How to order: Pickup and bake-at-home delivery through Porto’s.
We’re approaching our version of sweater weather so make sure you’ve got LA’s favorite ramen spot on your speed dial (or download the appropriate delivery app, whatever). Tatsu Ramen stands out with their never-rushed preparation that pays homage to the dish’s roots; before the restaurant opened, they flew in ramen experts for Japan to help maximize their menu. Unlike many ramen spots, Tatsu make their dishes easy to customize for those who prefer chicken, vegetarian, vegan, or gluten-free options to the classic pork-based broth.
How to order: Melrose: pickup and delivery via Postmates; Sawtelle: delivery via Toast Tab; Pasadena: pickup and delivery via DoorDash.
Here’s a little secret that true Jamaican foodies know to be true: minor inconveniences that would act as a red flag at most restaurants are in fact proof of authenticity for Jamaican cuisine. Does the cashier seem impatient or flustered? Is there a 30-minute wait on oxtail? Congratulations, you’ve found the best Jamaican food in the city. Ackee Bamboo has an all-day dinner menu that you can literally close your eyes and point at; there’s no going wrong with this Leimert Park institution.
How to order: Call the restaurant for takeout and delivery.
It doesn’t get better than Gracias Madre when it comes to traditional, plant-based Mexican cuisine. Executive chefs Mario Alberto and Alan Sanz make all of their dishes from scratch with local, organic ingredients and all of their spirits are diffuser-free and agave-based, with an emphasis on independent producers and small-batch distillers in Mexico. Order the raspado, sangria, or michelada if you’re looking to take it slow, or the negroni, Oaxaca old fashioned, or mezcal martini if you’re looking for a drink that packs a punch. All of the starters are worth a try, but the macadamia ricotta enchilada is a must for your main dish.
How to order: Reservations can be made on OpenTable; pickup and delivery for both locations via Toast Tab.
Perhaps it’s because LA’s downtown area is recently revitalized, but there’s something about dining on Perch’s French-inspired rooftop that makes you feel transported not just to another locale, but a completely different era. With a weekend brunch that lasts from 10am–4pm, you’ll have plenty of time to down multiple Sangria pitchers, or why not order a bottle of Veuve Clicquot to share with the table? At just $40 per person, the prix fixe brunch is a steal and comes complete with your choice of hors d’oeuvre, one main dish, and a chef’s selection to be shared by the table.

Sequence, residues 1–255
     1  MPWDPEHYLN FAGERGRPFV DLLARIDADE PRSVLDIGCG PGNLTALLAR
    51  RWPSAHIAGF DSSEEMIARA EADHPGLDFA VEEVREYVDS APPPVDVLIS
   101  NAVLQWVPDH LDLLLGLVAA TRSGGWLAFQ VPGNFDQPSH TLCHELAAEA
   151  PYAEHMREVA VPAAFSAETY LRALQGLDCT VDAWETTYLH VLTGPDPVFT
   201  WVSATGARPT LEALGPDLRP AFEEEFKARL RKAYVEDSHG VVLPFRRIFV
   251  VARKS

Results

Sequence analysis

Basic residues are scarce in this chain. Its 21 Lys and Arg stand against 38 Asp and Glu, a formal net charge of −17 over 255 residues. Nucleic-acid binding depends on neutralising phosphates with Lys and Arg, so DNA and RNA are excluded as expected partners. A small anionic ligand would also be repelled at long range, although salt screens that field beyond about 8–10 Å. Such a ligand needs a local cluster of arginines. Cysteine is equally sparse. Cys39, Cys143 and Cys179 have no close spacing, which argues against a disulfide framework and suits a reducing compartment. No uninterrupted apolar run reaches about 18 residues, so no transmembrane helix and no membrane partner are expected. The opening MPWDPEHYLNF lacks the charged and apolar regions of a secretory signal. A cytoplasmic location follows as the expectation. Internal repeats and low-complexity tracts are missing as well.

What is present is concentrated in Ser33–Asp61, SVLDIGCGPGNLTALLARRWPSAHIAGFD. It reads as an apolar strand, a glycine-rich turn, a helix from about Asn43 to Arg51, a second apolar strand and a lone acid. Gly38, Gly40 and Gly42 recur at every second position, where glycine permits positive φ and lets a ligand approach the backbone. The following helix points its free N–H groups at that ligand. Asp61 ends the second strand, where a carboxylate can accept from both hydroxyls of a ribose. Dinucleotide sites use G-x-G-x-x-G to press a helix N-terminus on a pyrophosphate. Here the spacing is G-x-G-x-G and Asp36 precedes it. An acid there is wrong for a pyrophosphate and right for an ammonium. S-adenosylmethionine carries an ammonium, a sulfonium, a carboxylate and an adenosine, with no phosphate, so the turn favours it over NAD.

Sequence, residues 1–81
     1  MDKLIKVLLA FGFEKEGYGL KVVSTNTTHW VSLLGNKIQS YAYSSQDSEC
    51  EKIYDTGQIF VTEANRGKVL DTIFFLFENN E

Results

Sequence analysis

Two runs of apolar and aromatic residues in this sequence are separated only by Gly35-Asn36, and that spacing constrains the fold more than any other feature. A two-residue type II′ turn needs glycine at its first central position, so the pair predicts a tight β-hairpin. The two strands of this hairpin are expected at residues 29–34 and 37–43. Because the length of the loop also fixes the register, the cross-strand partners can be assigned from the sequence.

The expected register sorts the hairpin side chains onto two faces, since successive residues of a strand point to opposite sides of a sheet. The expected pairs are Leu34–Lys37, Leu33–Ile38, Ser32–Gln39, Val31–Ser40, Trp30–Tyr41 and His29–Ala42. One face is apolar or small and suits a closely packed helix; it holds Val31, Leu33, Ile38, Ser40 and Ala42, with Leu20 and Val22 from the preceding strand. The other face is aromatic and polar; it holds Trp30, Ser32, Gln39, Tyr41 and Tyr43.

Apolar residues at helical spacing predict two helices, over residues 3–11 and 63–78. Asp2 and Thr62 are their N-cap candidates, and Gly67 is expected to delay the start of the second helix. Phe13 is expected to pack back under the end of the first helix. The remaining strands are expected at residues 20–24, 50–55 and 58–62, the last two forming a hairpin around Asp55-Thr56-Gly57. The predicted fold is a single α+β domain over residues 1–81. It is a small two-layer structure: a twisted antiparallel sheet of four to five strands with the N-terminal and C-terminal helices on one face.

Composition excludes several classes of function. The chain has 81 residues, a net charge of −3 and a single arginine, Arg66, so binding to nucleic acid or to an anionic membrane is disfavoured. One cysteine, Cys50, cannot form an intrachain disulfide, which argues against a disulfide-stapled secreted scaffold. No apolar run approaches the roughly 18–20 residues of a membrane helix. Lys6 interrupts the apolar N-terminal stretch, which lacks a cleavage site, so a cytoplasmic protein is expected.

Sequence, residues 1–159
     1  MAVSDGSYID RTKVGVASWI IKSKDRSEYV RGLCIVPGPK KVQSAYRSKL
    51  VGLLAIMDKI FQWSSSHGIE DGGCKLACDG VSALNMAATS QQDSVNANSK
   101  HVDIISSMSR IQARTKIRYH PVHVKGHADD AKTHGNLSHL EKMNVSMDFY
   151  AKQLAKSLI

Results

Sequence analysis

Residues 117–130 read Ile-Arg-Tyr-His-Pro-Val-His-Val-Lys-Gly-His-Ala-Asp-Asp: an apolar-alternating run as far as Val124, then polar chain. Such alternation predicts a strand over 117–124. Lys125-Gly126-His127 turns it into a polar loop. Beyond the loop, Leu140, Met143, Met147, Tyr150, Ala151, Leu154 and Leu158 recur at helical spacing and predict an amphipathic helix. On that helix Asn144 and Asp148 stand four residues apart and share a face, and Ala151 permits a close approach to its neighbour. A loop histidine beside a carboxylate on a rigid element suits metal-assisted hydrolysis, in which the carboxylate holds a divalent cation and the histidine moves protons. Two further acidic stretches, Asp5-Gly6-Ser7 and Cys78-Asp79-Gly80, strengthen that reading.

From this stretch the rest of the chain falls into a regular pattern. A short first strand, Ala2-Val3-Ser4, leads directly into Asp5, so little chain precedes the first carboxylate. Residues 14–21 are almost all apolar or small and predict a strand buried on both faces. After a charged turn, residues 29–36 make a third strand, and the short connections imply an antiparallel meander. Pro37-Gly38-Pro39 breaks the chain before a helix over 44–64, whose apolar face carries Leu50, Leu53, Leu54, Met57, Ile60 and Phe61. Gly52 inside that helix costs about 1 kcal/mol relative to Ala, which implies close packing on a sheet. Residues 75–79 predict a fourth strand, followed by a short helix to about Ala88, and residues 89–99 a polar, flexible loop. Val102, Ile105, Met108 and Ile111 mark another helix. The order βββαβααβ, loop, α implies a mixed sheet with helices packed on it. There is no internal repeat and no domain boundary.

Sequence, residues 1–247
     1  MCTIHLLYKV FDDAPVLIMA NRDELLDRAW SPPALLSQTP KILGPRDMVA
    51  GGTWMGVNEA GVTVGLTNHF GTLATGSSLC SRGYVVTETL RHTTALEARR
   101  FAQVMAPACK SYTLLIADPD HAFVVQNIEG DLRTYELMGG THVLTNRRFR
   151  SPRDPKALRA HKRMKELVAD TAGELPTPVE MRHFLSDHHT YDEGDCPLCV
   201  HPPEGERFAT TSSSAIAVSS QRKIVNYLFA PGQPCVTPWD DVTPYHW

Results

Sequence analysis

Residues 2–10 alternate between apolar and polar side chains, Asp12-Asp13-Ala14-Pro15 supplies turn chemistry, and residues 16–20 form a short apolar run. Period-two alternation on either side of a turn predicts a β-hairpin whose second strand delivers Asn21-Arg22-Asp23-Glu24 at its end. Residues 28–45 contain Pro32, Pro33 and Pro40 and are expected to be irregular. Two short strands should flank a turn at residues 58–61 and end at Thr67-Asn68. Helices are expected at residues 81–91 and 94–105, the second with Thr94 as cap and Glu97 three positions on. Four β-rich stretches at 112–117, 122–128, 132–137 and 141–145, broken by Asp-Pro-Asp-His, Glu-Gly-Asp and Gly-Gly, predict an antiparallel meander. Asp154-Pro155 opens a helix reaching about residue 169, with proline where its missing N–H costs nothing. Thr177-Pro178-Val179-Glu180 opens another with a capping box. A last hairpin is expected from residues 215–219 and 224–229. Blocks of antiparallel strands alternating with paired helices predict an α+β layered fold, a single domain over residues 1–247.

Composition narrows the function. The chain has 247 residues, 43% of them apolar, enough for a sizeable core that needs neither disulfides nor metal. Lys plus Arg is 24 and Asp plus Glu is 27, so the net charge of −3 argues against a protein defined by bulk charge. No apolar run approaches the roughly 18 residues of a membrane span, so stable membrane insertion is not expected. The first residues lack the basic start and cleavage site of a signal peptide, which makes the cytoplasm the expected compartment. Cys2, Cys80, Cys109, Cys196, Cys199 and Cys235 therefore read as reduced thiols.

How to order: Reservations can be made on OpenTable; pickup and delivery through Postmates.
Try strip mall sushi and live to tell the taleVarious locations
While tourists might scoff, LA sushi lovers know that some of the city’s best and freshest rolls are found in nondescript strip malls, especially if you’re searching for an all-you-can-eat or lunch special. Sushi Gen in Little Tokyo is your best bet for lunch specials, while Echigo in Santa Monica delivers ultra-fresh fish at moderate prices. You have your choice of Sushi Ike, Sushi Q, and LemonFish Sushi in Hollywood alone, or head to hidden Sushi Park in WeHo for your best bet at a celebrity sighting (though beware that the menu also features celebrity pricing).
How to order: Check with specific restaurants for more information on patio dining, takeout, and delivery.
Your favorite meet-in-the-middle brunch spot since 2017, Met Her At A Bar specializes in authentic Belgian waffles and La Colombe coffees, but brags enough vegan and gluten-free options that even your pickiest pal will find themselves puzzling over the array of choices. If you’re looking for something stronger than coffee, the neighborhood cafe has a full wine and beer menu, with mimosas costing just $12 and $9 for each refill.
How to order: Walk-ins welcome for patio dining (pro-tip: join the waitlist via Yelp); delivery and pickup via Postmates and GrubHub.
Grab an elote and watch the ducks swim at Echo Park LakeEcho Park
There are a handful of LA meals that are best bought from a street vendor and enjoyed on the spot; elotes—Mexican street corn that’s slathered in mayo and topped with cotija cheese, chili powder, and lime—fit that bill. With modern Mexican cuisine taking over the city, there are plenty of places you can find chef-prepared elotes, but if you want to save some bucks and eat it the traditional way, do a lap around Echo Park Lake until you find an elote vendor. Beware that the spicy-meter is not adjusted to gringo standards—do yourself a favor and order bottled water on the side.